Tampa Has Joined the Ranks as a Top Destination for Work and Play
By Bob Dikman

Photo credit: Nicole Abbett

For decades, downtown Tampa was a dead city after 5 p.m. Once the offices closed, the streets were empty. Tampa was once ranked as the seventh most dangerous region for pedestrians. The young talent we were able to attract to the area would soon leave for cities such as Austin, Nashville, and Charlotte. So what was so fundamentally wrong with Tampa that we couldn’t create a more dynamic living environment?

Was it having the right people in place to affect change? Or, was it really just about timing?

In recent years, the momentum has definitely shifted. Through various leadership teams, Tampa has started to dig itself out. A roadmap of sorts was created to develop around one of our best features—the water. The City started to focus its early efforts on waterfront areas, green spaces, and the neighboring areas surrounding downtown.

Tampa was always fragmented. It was hard to see a clear vision of what it wanted to be in the future. It had great bones, but so many quality areas and assets were never developed. Tampa’s biggest leap toward addressing this was finishing the 2.6-mile Riverwalk trail along the Hillsborough River. It had been discussed for years, but never fully completed until recently. Through this development, Tampa finally got the boost it needed to be able to move its other projects forward. With the Riverwalk complete, the possibilities are now endless.

The focus has continued along the waterfront. Downtown has become more livable with modern residential, office, and retail options. Developers have increased walkability and created a community that people enjoy being in and around after work.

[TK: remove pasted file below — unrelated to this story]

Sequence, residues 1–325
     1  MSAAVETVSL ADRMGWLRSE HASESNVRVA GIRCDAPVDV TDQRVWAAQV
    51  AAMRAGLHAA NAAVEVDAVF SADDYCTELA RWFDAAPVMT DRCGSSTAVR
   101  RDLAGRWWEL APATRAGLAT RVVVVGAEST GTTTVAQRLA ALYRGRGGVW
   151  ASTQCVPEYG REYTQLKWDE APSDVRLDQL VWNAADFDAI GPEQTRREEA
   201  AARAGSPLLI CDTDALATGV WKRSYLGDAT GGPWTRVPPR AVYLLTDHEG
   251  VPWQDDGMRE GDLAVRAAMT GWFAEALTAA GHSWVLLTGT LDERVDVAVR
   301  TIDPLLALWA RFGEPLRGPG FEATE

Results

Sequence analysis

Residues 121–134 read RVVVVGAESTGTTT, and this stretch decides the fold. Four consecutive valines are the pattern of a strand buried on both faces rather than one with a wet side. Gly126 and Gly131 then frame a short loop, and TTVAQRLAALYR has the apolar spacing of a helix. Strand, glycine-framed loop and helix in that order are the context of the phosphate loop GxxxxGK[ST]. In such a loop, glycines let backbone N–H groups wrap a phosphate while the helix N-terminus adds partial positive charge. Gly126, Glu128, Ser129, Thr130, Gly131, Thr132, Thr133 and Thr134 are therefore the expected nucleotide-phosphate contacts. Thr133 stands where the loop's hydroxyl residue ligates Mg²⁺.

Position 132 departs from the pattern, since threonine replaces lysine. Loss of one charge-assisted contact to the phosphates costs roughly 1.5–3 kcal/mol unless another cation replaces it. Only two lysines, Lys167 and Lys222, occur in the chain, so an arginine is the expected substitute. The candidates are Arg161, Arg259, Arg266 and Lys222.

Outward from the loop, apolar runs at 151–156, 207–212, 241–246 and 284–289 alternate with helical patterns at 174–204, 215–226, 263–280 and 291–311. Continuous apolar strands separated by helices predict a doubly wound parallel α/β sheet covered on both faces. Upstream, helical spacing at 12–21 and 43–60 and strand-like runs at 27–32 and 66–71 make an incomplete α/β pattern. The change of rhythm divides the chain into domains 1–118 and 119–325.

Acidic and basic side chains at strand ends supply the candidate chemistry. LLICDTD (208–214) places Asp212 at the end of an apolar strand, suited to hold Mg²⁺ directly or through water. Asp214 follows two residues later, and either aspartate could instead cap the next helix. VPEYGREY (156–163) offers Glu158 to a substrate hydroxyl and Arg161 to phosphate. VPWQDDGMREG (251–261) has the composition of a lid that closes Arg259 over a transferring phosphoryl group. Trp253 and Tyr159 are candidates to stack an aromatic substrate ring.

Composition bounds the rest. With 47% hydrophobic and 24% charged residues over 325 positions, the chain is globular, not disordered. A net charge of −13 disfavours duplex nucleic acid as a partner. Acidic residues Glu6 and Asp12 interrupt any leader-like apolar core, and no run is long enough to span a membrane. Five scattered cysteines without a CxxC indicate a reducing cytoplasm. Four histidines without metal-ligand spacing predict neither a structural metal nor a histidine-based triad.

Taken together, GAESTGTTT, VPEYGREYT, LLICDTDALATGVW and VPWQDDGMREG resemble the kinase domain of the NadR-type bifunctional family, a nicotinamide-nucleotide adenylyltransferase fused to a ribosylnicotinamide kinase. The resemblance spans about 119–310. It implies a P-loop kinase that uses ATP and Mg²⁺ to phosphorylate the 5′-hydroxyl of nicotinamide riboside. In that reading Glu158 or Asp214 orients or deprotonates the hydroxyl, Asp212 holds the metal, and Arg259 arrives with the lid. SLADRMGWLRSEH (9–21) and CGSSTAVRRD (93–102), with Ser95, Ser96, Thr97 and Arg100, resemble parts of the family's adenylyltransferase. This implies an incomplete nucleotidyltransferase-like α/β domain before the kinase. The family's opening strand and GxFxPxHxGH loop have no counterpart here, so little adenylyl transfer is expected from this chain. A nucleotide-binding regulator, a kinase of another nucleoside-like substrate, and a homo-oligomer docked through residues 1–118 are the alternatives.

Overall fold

With investments from Lighting owner Jeffrey Vinik and Microsoft founder Bill Gates, Water Street Tampa, a $3-billion development, was born. When complete, the 50-acre project will include 18 towers, 3,500 residential units, 2 hotels, 1 million square feet of retail space, more than 2 million square feet of office space, a cultural center, and 13 acres of green and public spaces.

With all of this development and growth, nobody can argue that appropriate transportation is still an issue. As discussed in our last newsletter, the Tampa Streetcar will be able to support the City’s needs. Right now, the Streetcar is attracting riders out to see the sights, but soon it will be a necessity for commuters who wish to move in and around downtown Tampa and Ybor for lunch, dinner, and business meetings. Check out the full story in our last issue for more information on the Streetcar’s timeline.

Our City is changing, that’s for sure. It’s an exciting time for us. Before the recent developments, there had not been a Class A office tower built in years. Reports estimate that more than 50,000 people are moving here each year. Amgen, Johnson & Johnson, and Bristol-Myers Squibb have taken up residency. In the past year, the Tampa-St. Petersburg-Clearwater metro area has created 27,500 new private-sector jobs, the third-highest number of jobs among all Florida metro areas. The Bay area’s 3.1 percent unemployment rate is lower than what it was a year ago. It has been reported that the Bay area had more than 60,000 job openings in May; over 19,000 of them were high-wage STEM job openings.

The market is growing which is a great thing for our City. As Tampa continues to become the urban darling for companies looking to move, office space will become even more competitive, making it necessary to be strategic when looking for new space. The Dikman Company has extensive experience with Tampa’s commercial real estate market. If a move is in your future, we are here to support your business needs.